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“These people have seen this in our cultures back home”: black mothers in the UK and Canada reclaim attachment parenting

Hamilton, P; (2020) “These people have seen this in our cultures back home”: black mothers in the UK and Canada reclaim attachment parenting. Ethnic and Racial Studies 10.1080/01419870.2020.1828597.

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Abstract

Attachment parenting (AP), coined by American paediatrician William Sears and his wife Martha, claims inspiration from the practices of “traditional” and “primitive” peoples. These peoples’ “instinctive” parenting behaviour forms the basis for AP’s seven tools, including breastfeeding, babywearing and bedsharing. As the AP phenomenon gathers momentum in the US, UK and Canada, this paper examines the raced, gendered and classed dimensions of its rise to popularity. Who is AP for? And to whom does it belong? Drawing from interviews with nineteen black mothers living in Canada and the UK, this paper captures efforts to “reclaim” attachment parenting, both against the Sears and for black communities.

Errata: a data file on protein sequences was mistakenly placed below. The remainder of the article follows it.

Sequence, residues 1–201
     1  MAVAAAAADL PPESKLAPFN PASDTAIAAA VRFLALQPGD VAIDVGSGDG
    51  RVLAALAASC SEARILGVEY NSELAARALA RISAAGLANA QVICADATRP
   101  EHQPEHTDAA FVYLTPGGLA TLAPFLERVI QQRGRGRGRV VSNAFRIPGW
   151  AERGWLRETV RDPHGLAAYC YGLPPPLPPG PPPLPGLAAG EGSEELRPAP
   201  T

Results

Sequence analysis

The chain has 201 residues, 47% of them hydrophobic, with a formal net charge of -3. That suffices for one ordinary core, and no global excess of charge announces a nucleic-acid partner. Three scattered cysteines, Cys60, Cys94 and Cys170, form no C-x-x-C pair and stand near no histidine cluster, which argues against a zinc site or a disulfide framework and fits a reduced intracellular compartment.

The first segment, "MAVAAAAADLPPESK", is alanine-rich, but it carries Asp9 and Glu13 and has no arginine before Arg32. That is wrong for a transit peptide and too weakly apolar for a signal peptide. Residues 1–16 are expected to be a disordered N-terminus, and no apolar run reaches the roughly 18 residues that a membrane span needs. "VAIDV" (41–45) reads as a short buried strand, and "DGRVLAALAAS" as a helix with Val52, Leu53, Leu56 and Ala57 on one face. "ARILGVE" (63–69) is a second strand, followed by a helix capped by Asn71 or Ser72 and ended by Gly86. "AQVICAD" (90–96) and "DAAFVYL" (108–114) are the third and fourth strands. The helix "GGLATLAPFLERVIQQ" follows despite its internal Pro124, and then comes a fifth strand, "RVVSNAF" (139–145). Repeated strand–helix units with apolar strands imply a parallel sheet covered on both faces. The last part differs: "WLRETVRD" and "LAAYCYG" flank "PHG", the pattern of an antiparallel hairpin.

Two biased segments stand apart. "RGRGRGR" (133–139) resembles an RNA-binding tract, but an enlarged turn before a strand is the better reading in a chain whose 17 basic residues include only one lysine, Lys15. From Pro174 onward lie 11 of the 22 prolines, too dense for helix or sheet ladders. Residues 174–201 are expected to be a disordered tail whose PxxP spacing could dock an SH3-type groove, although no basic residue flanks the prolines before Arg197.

Type: Article
Title: “These people have seen this in our cultures back home”: black mothers in the UK and Canada reclaim attachment parenting
DOI: 10.1080/01419870.2020.1828597
Publisher version: https://doi.org/10.1080/01419870.2020.1828597
Language: English
Additional information: This version is the author accepted manuscript. For information on re-use, please refer to the publisher's terms and conditions.
Keywords: Attachment parenting, black motherhood, intersectionality, resistance, parenting, intensive mothering
UCL classification: UCL
UCL > Provost and Vice Provost Offices
UCL > Provost and Vice Provost Offices > School of Education
UCL > Provost and Vice Provost Offices > School of Education > UCL Institute of Education
UCL > Provost and Vice Provost Offices > School of Education > UCL Institute of Education > IOE - Social Research Institute
URI: https://discovery.ucl.ac.uk/id/eprint/10116495
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